# Rules to identify the most stable resonance structures

While studying resonance from this Chemistry LibreTexts article, I found the rules to follow in order to decide which structure is the most stable. Among them:

1. The structure with the least number of formal charges is more stable
2. The structure with the least separation of formal charges is more stable.

Firstly I'm not sure how to interpret the "number of formal charges" in rule 1: does it refer to the number of atoms with non-zero formal charge or to the magnitude of each formal charge? It confuses me a bit also because the total number of formal charge (the sum of them) is clearly constant (and equal to the total charge or molecule).

Secondly I don't understand which of these two rules (1 or 2) is more important and can dominate the other one.

For example two possible structures of $\ce{CNS^{-}}$ are $$\ce{C=N=S}\qquad\ce{C#N-S}$$

The formal charge for the first one are (in order) -2, 1, 0 while for the second one are -1, 1, -1.

The first is preferable according to rule 1 (interpreting it as the number of atoms with non-zero formal charge) while the second is preferable according to rule 2 since the separation of charge is not as strong as in the first structure (I hope I'm understanding correctly rule 2).

Am I reading incorrectly the two rules or is there one that is actually "stronger" than the other?

• Choose some other structure with reasonable stability. This cleared, It seems you get the rules the right way. – Alchimista Jan 5 '18 at 14:10
• Mesomeric structures aren't "stable", but more or less significant contributors. Also such few rationalisation are only supposed to prevent you from writing structures which are't significan't contributors at all. – Mithoron Jan 5 '18 at 16:56
• – Galen Apr 27 at 3:04

You will encounter situations such as these when the two rules seem to contradict each other, or they confuse you. However, when this happens, you must use another criteria to determine the best resonance structure. Specifically, you must take electronegativity into account.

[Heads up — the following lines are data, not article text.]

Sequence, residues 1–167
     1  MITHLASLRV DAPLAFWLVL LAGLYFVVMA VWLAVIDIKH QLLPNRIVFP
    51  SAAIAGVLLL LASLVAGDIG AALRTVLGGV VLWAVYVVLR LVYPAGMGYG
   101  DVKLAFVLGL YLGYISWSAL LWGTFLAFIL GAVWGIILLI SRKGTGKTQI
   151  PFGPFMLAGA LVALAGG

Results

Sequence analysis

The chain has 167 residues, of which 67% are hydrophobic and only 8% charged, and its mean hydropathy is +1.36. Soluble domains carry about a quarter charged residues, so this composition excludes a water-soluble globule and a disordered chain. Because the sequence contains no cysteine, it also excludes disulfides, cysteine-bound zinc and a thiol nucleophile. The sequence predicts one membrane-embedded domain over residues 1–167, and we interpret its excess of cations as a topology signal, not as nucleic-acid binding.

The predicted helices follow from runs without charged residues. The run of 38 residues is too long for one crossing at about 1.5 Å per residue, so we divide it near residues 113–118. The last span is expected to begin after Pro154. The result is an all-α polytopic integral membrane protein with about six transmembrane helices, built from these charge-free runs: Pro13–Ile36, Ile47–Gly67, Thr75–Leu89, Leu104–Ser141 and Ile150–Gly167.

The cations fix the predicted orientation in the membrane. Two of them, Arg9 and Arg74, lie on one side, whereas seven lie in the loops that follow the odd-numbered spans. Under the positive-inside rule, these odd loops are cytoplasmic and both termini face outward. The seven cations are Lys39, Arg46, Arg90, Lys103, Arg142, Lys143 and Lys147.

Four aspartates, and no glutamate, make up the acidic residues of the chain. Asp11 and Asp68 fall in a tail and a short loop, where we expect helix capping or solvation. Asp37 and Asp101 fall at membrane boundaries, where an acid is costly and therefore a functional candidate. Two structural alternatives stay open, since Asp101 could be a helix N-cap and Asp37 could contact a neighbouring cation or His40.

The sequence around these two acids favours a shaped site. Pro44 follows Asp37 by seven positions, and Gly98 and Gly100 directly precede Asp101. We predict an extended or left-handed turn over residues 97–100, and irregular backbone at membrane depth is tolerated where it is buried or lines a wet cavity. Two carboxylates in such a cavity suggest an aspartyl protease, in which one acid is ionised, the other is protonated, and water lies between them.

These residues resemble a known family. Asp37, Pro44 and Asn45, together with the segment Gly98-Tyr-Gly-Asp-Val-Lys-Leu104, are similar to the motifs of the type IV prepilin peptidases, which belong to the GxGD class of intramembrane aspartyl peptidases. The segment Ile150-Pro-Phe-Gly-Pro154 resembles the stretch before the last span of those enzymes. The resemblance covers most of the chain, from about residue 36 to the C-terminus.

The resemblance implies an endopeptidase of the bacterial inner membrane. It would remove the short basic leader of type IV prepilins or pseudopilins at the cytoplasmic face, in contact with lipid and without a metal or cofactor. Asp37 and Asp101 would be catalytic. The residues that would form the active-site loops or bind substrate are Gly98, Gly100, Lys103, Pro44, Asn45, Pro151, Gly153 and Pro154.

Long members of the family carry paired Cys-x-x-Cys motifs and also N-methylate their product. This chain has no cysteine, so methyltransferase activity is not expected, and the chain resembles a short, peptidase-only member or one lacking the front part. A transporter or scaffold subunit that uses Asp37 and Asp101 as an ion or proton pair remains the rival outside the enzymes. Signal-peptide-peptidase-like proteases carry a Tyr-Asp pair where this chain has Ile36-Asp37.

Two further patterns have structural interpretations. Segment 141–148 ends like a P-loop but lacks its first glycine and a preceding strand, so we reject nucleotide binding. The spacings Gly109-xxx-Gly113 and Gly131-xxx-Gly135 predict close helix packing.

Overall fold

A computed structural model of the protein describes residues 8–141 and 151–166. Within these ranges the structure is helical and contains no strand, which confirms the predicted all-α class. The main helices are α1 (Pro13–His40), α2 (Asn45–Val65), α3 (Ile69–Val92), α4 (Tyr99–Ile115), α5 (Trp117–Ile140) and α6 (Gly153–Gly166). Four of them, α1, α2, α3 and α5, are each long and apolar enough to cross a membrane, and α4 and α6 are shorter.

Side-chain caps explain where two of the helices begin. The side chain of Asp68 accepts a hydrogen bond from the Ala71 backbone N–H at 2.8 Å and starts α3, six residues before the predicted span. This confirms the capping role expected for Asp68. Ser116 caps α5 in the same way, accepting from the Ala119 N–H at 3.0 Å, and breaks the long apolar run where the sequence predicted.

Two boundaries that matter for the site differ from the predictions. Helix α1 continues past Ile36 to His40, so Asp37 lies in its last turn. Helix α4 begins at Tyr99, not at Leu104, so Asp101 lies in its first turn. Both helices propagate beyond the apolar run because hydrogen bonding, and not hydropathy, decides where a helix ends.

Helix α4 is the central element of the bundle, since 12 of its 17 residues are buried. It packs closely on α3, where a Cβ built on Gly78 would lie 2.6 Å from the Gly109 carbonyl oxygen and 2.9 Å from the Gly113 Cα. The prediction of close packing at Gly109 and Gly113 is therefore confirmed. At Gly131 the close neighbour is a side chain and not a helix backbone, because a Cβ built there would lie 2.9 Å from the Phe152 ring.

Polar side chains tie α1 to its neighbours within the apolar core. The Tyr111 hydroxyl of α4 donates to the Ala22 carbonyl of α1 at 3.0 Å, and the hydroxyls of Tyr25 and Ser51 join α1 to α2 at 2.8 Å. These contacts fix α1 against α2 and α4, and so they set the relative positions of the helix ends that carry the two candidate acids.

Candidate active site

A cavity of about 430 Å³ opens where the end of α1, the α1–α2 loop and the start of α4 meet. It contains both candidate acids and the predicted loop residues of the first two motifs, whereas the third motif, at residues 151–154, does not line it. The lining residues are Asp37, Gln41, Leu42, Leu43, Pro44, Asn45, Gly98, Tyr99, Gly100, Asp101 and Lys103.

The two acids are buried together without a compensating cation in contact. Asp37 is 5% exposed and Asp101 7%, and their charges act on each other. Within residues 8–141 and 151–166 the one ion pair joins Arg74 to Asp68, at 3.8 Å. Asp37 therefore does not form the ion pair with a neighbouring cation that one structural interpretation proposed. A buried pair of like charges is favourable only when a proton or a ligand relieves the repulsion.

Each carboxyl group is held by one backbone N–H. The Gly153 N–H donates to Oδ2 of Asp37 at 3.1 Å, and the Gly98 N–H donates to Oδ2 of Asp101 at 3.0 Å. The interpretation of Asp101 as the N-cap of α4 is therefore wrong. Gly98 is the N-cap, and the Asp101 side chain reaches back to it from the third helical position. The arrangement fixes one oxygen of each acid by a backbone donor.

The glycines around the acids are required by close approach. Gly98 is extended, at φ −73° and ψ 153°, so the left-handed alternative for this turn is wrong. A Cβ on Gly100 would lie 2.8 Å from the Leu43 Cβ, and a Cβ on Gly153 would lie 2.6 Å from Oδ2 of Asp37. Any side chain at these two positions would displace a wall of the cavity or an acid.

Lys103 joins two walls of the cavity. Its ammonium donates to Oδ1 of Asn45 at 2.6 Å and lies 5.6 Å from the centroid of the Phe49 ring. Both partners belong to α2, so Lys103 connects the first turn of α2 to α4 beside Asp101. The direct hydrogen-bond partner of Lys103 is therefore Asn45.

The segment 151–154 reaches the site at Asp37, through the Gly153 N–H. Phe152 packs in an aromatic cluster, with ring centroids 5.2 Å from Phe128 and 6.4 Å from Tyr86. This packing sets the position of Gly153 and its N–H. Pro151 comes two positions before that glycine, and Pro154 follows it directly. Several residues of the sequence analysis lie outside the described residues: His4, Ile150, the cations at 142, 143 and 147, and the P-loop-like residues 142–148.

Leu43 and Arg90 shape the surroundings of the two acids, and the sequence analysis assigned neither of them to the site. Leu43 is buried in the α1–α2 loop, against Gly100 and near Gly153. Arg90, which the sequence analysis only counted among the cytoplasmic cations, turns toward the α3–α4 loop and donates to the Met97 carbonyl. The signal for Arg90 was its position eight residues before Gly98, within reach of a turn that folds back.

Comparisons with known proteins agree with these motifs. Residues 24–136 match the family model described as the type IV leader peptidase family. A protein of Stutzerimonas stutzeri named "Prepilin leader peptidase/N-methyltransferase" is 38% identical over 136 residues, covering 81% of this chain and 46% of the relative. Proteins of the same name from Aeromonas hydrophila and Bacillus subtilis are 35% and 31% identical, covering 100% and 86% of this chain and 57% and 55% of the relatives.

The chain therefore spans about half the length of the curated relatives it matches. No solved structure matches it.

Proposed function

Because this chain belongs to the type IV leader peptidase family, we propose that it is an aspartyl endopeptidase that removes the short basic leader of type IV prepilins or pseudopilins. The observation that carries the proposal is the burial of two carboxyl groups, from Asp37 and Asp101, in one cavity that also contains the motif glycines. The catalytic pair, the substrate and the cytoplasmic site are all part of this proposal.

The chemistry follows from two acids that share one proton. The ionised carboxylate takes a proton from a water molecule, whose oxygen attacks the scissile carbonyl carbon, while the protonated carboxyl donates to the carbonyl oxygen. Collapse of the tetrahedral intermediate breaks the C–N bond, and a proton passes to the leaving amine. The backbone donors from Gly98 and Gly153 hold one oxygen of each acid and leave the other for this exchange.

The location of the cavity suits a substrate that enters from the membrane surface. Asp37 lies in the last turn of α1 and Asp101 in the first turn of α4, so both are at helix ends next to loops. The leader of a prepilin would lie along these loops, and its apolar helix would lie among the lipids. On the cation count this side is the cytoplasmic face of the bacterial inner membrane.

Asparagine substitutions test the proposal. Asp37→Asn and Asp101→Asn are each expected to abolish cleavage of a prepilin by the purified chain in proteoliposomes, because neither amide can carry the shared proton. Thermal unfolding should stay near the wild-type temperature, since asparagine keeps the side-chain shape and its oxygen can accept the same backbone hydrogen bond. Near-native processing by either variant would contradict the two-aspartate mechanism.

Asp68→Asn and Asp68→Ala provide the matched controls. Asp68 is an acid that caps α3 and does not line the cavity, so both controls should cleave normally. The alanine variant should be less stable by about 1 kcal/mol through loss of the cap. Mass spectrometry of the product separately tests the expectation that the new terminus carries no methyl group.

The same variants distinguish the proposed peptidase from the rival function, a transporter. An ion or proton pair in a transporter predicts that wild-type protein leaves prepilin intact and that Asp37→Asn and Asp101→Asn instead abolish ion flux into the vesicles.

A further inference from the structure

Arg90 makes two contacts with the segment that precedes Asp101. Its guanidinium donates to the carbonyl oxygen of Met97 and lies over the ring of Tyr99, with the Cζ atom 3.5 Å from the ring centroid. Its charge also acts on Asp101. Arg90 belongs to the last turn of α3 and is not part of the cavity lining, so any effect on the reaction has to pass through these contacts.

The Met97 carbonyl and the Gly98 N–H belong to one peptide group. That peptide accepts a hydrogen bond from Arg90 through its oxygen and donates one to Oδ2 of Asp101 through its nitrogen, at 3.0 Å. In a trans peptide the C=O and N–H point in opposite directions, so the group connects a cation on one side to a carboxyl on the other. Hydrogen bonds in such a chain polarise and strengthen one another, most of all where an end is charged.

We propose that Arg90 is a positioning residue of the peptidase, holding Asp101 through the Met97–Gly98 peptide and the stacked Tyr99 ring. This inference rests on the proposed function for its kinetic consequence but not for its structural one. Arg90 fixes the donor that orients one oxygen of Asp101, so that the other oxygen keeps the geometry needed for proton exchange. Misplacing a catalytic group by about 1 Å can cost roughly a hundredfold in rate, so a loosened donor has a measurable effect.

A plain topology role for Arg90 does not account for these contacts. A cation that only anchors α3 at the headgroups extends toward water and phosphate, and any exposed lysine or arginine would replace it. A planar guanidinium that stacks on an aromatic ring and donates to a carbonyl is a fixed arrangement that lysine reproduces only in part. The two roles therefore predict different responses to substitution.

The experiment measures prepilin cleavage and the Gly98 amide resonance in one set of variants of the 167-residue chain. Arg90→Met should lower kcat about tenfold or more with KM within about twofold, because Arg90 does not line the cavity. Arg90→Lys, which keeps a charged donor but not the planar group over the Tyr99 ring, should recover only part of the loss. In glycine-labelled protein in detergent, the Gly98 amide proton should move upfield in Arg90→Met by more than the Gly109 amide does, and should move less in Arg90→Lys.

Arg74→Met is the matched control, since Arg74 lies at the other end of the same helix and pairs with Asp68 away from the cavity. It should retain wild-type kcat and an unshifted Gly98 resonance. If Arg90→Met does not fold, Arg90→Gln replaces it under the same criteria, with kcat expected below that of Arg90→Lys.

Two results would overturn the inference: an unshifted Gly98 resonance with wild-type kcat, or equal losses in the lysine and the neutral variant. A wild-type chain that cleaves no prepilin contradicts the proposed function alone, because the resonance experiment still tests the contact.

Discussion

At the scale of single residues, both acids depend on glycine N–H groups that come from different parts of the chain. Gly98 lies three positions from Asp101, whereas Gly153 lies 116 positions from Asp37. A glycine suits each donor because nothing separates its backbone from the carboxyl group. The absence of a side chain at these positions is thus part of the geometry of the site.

What this means is that the most electronegative element should have the lowest formal charge, and the most electropositive element should have the highest formal charge. This is because the electronegativity "rules" explained above are what are likely to happen (that is how thiocyanate is likely to appear). This makes sense because the higher EN and element has, the more likely it is to "hog" the electrons and have a lower formal charge. When you use these rules to evaluate the resonance structures of the $\ce{CNS^{-}}$ ion, you can figure out why the first resonance structure is preferable.

• Before upvoting you should consider correcting for the OP proposed an exotic structure - without significant contributing forms -- that is not thiocyanate nor isothiocyanate. – Alchimista Jan 6 '18 at 14:00
• Sorry, can you clarify? – H. Khan Jan 6 '18 at 19:15
• The structures are not limiting forms for thiocyanate – Alchimista Jan 6 '18 at 19:18
• Sorry, I don’t understand. If you want you can edit the answer to reflect what you’re saying feel free to do so. – H. Khan Jan 6 '18 at 20:01
• There's not a stable anion with a N-C-S linkage no matter the bonds / formal charges. Thiocyanate and isothiicyanate have structures with N-C-S linkage. – Alchimista Jan 6 '18 at 20:20

The hypothetical ion you discuss must have 16 electrons.

I do not see how one accommodates them in a meaningful way about a proposed structure with linkage C-N-S.

Beside that I see question marks instead of bonds, lone pairs and in case unpaired electrons (it is likely a problem of browser, I am using SE app), as the formal charges suggest you had hard time to find a way leading to something just remotely approaching a stable structure. You ended in limiting forms with high formal charges both in number as well separation, not to mention a C atom with 10 electrons around! This should have pointed you to firstly ask the stability of such an anion.

As the comments to the Q suggestively already pointed out, there is little if no meaning to compare the stability of hypothetical limiting forms for a not existing unstable structure.

Besides this extreme case, an attempt to rationalised the weight of limiting forms for very unstable species based on simple rules will likely fail. Or, at least, it should be attempted just if experience show that such a structure can indeed be observed if not isolated. Likely advanced criteria and calculations would elucidate the situation.

This state, your Q has been probably dictated by the habit of writing CNS- for thiocyanate.

CNS- or less confusedly written NCS- has a structure with, in fact, N-C-S linkage for which you will easily obtain two more or less equally important limiting forms.

One with formal charge -1 on nitrogen and one with a FC -1 on sulphur.

Indeed this is an example of bond isomerism (thiocyanate and isothiocyanate for S linkage and N linkage to other fragments, respectively).

For a general answer useful in other realistic cases I point you to the first part of the A by H. Khan here in this thread.

The second part should be omitted as the author try to follow your line and ended in some "forced"assertion regarding thiocyanate ion which, as said above, is not the subject in case or identifying an hypothetical limiting form with a C -2 as the major contributor.

• The down voter could provide an answer. – Alchimista Sep 2 '19 at 9:19